An inspiring story of one family’s journey through the British care system, from the point of view of a foster carer. It tells of the funny, challenging, and often harrowing times of living life in an ever-changing household of temporary children.
Steering a course through the muddy waters of the care system has provided many obstacles but has overall proved to be a rewarding and heart-warming experience for the author.
Children who find themselves removed from their birth families are thrust into a system which, although trying its best, is so often lacking in the love and good quality nurturing they deserve.
As a society, we need to look at the way we deal with vulnerable children.Austin MaCauley Website
Our publishers have also summarised very well my wife, the author:-
Although this is Jan’s first book, her story is both powerful and moving. She was first a model and a beauty queen, then an air hostess, and finally an interior designer. She and her family decided to “give something back” and began fostering in 2007. The following 10 years were a rollercoaster of emotions, including anger, frustration, sadness, joy, elation, and humour, but the idea of helping children was at the core of their beliefs. Jan made notes throughout her fostering career in order to remember the individuals who touched her life.
Jan lives on a farm in the beautiful Cheshire countryside.
I’ve spent a wonderful day today looking out onto a beautiful Welsh coastline, and I wonder again why any of us bother to travel the world in search of a perfect holiday location.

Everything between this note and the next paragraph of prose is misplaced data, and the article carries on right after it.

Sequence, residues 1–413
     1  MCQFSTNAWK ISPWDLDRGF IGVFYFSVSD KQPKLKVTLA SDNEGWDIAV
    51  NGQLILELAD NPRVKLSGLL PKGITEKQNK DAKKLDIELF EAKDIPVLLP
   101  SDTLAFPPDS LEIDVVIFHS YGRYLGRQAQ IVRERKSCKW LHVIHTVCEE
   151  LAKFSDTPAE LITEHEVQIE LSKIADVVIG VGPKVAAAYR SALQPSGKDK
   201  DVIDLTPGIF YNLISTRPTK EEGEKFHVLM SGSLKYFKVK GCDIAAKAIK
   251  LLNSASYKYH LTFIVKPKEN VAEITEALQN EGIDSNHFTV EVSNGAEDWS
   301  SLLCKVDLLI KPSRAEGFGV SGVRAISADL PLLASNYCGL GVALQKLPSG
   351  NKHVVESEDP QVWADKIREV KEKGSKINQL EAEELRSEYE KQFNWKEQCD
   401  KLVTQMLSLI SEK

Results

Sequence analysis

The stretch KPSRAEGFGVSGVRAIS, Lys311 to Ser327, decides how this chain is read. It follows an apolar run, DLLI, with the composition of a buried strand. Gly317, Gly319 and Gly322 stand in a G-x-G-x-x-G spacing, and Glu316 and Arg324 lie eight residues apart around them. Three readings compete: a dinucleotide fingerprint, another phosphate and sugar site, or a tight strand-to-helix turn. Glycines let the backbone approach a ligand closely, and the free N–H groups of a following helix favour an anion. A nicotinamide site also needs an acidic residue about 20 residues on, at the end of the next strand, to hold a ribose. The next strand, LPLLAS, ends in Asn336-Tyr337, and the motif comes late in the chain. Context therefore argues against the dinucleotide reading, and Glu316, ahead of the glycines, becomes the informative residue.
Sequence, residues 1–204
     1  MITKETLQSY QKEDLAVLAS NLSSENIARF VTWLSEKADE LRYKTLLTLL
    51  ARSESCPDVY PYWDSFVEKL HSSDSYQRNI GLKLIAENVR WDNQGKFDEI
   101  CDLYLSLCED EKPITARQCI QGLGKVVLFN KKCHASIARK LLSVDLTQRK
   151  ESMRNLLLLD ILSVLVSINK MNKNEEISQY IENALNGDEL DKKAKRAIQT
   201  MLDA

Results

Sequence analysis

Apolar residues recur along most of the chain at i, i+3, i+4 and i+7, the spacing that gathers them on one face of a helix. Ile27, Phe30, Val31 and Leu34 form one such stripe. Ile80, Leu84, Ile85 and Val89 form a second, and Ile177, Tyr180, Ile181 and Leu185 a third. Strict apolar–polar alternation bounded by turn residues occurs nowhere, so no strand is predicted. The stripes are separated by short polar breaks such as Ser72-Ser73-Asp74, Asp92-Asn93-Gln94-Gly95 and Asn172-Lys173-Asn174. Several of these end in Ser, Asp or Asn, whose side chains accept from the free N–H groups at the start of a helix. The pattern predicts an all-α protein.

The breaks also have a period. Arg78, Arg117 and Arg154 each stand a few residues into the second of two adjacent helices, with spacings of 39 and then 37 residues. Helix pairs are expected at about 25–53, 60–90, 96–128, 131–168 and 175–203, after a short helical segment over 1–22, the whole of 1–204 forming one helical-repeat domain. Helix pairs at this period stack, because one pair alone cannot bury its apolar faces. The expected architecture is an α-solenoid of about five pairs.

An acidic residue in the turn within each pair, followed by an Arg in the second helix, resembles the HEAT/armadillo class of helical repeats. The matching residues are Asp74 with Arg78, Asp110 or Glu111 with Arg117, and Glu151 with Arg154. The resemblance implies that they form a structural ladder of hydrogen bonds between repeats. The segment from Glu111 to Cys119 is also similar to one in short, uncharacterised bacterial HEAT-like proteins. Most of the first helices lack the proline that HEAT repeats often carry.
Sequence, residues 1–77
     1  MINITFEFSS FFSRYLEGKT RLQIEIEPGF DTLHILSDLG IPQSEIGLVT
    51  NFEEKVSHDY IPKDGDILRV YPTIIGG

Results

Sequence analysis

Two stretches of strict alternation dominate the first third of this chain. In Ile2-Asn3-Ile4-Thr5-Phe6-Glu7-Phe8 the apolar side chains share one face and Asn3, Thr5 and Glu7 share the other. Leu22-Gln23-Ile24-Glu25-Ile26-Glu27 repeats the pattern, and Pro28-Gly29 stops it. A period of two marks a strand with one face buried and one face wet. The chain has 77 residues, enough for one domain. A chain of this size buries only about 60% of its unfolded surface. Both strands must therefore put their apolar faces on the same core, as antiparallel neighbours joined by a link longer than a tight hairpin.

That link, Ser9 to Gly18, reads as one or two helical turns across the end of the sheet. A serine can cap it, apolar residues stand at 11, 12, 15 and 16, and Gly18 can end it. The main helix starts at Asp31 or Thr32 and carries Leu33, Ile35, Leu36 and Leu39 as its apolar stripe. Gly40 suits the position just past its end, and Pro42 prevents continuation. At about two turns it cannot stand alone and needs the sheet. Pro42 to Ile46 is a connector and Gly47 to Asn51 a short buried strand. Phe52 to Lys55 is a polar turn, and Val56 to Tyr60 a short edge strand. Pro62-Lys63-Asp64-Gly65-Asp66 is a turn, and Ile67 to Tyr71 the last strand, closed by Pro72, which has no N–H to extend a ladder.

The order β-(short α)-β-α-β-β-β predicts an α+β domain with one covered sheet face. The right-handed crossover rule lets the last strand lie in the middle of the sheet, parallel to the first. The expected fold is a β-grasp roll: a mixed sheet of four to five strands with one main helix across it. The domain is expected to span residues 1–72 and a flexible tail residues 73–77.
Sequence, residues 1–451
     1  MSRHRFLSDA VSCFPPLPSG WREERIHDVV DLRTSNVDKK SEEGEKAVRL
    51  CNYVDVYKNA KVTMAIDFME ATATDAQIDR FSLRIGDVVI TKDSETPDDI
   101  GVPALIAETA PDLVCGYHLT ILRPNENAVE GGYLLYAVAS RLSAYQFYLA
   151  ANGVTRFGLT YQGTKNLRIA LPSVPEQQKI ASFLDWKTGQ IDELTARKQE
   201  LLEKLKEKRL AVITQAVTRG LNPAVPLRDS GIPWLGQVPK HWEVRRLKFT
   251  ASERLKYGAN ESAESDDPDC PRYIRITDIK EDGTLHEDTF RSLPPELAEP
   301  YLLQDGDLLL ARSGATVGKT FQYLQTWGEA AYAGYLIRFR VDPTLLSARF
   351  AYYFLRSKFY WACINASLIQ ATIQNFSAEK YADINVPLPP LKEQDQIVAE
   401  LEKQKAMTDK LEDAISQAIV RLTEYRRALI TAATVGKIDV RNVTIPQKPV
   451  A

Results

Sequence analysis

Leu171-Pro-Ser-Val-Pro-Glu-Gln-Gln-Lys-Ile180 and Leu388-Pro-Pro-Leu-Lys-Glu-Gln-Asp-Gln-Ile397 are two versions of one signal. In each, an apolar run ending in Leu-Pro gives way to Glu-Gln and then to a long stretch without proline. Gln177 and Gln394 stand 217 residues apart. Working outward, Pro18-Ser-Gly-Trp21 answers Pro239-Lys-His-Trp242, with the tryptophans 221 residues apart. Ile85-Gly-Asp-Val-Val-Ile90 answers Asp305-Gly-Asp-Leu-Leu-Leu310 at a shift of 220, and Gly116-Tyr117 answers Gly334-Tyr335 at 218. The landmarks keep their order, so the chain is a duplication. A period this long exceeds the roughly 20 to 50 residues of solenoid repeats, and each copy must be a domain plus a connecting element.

I’ve been lucky enough to visit beaches in Florida and the Caribbean, Thailand, Bali, Mauritius, Vietnam, The Greek islands, the Middle East and much of the Mediterranean coastline. All of these places are wonderful, often with exquisite beaches of soft, white, sugar-like sand. They also boast azure blue waters, which are clear, warm and calm, and perfect for swimming and diving. Unfortunately they are all quite far away and require much planning in order to visit them.
Yet there is something wholesome about a British beach, with it’s traditions and familiarities that I find alluring, especially on a sunny day, like today. Looking out from the deck of our static caravan in Anglesey, North Wales, I see children digging in the sand, dogs chasing the surf and teenagers riding body boards. There are a variety of boats too, from tiny 2- man dinghys to large RIBs, fishing boats and small sailing boats. Everyone is enjoying the day and I can hear laughter and children shrieking with delight, whilst ice creams are melting, sandwiches are wilting, and dads are banging the posts of reluctant windbreaks into the soft sand.
What is absent however, are the endless lines of sun loungers, regimented and perfectly aligned with the shore. There are often multiple vendors selling all manner of products from fake designer watches to colourful sarongs and jewellery made of shells. Whilst I enjoy buying some of these souvenirs, in the hope of supplementing the local economy, I soon tire of the endless sales patter and intrusions into my relaxation.